“In the beginning, the letter, the word was the law, for it was the magic that worked. The oath-swearing man who stumbled over the words of an oath was a gone soul. …. The lawyer who lost a syllable had lost his cause. ……. The judge who departed from the letter of the law had ceased to be a judge, and had become a legislator…… So the word law, which meant something fixed …… and the law words which made up the law must themselves be enduring if the law were to endure. If the law were to remain unchanged, then — in Coke’s words — “neither ought legal terms to be changed.” ….. Change the words; you lose the law. This was the fear, and this the urge to make the language of law durable.” Thus we see that whether the law was deemed to be fixed and unchanging because of religious or mystical reasons (such as biblical dictates) or due to the need for certainty, the result was a strict rigidity in form and procedure. If the exact wording of a legal document, or the exact legal procedure, was not followed to the letter, the document, case, etc. was thrown out and discarded, not on its merits but rather on its form. Rigidity and formulism still exists in a lesser form in many legal systems, some stricter some less so. This rigidity and formulism therefore meant the precise drafting of documents was of the utmost importance. “Deviate on millimeter and you are dead” – maybe even quite literally. This necessitated a medieval culture of copy and paste which lives on to the present day, resulting in an ingraining of terms and expressions which persist to the present time, even though we may have well forgotten the origins or indeed even the need. This ‘copy and paste’ culture (or ‘boilerplatism’) and persistent use of the selfsame words and phrases, has led to a perception, still persisting, amongst many lawyers that if a specific term, phrase, wording is not used, the document in question will somehow be ‘faulty’ even though in essence the substance of the matter may be stated in other, no less valid, ways.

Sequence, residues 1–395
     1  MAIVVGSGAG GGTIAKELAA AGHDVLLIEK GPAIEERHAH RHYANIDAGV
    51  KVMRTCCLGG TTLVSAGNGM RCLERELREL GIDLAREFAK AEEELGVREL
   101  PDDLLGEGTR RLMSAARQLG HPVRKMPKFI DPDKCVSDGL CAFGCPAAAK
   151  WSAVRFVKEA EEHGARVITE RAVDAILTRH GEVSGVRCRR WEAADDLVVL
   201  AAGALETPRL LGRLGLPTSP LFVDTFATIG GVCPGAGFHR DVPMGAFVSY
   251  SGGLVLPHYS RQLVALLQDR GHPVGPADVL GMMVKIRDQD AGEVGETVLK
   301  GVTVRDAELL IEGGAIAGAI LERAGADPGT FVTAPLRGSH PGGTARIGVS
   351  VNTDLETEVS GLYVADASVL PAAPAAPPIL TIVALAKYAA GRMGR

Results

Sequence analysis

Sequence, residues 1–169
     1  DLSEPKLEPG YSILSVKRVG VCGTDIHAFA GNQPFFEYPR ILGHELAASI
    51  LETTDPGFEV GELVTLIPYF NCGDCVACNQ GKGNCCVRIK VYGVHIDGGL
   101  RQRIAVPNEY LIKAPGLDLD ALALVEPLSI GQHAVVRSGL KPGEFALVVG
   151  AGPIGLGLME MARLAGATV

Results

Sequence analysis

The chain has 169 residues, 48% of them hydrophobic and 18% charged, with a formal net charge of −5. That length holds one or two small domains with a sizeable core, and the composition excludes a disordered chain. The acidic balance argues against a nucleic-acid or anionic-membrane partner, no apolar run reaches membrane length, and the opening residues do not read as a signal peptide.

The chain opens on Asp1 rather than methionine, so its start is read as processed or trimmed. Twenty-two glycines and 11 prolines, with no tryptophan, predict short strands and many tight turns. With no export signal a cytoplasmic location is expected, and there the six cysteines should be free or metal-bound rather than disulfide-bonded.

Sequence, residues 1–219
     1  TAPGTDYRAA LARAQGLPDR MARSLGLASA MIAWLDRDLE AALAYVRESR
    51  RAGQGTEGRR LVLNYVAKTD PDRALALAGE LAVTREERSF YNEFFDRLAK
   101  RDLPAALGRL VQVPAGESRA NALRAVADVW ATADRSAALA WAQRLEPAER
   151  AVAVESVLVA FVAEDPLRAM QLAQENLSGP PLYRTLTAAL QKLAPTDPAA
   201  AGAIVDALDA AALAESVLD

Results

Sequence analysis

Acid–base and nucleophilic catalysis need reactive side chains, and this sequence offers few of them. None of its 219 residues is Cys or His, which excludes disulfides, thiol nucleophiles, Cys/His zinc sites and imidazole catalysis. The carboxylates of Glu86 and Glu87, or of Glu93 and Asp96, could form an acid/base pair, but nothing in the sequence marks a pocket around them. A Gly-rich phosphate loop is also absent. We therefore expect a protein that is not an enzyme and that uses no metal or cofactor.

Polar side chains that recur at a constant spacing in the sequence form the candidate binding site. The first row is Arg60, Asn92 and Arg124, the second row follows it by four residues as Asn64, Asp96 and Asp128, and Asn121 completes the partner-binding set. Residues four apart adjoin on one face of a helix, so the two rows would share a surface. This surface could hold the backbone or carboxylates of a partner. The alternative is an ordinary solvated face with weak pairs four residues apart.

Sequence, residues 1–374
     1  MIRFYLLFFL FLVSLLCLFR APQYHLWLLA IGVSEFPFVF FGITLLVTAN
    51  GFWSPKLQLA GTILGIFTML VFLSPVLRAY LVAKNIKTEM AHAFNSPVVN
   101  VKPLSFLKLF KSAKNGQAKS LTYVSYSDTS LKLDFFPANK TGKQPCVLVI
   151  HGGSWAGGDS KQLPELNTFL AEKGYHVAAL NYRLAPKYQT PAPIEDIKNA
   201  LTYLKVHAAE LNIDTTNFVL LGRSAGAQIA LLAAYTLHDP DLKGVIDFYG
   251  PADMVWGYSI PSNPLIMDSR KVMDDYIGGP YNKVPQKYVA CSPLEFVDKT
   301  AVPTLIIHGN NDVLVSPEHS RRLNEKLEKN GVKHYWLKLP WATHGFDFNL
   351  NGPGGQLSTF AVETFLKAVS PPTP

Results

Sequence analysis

Of course this rigidity and extreme form of formulism could not hold water for ever and certainly not in our day and age. Law is a social convention. So too – as we shall see – is language. Conventions change (constantly) and with it the law and language.